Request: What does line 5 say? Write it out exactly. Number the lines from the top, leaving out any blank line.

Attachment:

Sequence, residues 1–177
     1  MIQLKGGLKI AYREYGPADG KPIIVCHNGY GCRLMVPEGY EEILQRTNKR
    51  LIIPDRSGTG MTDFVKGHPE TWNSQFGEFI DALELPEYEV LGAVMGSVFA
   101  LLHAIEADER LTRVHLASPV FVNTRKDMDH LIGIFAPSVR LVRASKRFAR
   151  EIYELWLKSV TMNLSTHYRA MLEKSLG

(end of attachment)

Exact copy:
   151  EIYELWLKSV TMNLSTHYRA MLEKSLG